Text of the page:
In addition to the familiar
data keyword, Haskell provides us with another
way to create a new type, using the
-- file: ch06/Newtype.hs data DataInt = D Int deriving (Eq, Ord, Show) newtype NewtypeInt = N Int deriving (Eq, Ord, Show)
The purpose of a
newtype declaration is to
rename an existing type, giving it a distinct identity. As we can see,
it is similar in appearance to a type declared using the
Although their names are similar, the
keywords have different purposes. The
type keyword gives us another way of
referring to a type, like a nickname for a friend. We and the compiler
know that [Char] and String names refer to
the same type.
In contrast, the
keyword exists to hide the nature of a type.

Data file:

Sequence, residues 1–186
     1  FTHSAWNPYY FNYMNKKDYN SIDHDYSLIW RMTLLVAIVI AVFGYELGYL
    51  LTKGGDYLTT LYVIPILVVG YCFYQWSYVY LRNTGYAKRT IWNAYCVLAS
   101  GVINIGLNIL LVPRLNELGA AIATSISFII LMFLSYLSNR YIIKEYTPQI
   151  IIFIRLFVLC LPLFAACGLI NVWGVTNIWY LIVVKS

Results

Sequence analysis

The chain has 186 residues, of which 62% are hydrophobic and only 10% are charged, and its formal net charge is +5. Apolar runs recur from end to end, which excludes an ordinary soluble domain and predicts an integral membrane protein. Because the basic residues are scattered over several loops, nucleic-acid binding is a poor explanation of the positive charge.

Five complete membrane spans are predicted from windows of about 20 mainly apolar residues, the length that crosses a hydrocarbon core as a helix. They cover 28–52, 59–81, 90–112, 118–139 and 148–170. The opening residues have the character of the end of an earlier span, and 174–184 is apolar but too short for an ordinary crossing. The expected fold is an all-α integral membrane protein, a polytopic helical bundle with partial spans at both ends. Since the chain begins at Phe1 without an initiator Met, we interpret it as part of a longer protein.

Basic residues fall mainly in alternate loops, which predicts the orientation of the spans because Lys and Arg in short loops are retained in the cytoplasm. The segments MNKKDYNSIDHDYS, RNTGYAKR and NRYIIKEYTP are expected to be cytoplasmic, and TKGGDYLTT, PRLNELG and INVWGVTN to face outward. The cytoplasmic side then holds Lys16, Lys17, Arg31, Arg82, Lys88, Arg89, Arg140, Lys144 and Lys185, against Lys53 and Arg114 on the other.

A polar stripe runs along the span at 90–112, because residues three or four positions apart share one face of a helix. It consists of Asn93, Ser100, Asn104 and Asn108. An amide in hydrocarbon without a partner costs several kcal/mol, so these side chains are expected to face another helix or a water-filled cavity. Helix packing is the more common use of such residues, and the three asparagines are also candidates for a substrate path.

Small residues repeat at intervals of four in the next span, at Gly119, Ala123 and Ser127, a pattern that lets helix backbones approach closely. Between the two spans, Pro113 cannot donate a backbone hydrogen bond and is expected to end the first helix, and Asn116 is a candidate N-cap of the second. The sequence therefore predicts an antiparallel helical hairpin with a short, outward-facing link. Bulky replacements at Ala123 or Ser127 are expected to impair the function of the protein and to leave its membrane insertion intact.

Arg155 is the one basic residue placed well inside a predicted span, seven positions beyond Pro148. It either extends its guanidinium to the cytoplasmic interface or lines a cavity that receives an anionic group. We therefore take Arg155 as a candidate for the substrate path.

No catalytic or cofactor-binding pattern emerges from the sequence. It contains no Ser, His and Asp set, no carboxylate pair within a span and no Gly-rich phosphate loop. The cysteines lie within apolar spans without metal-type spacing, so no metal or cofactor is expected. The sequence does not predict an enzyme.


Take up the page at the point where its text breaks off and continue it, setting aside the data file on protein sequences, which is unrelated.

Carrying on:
Consider a UniqueID type:
-- file: ch06/Newtype.hs newtype UniqueID = UniqueID Int deriving (Eq)
The compiler treats UniqueID as a different type from Int. As a user of a UniqueID, we know only that we have a unique identifier; we cannot see that it is implemented as an Int.
When we declare a
we must choose which of the underlying type’s typeclass instances we
want to expose. Here, we’ve elected to make NewtypeInt
provide Int’s instances for Eq,
Ord, and Show. As a result, we can compare and
print values of type NewtypeInt:
N 1 < N 2True
Since we are not exposing Int’s Num or Integral instances, values of type NewtypeInt are not numbers. For instance, we can’t ...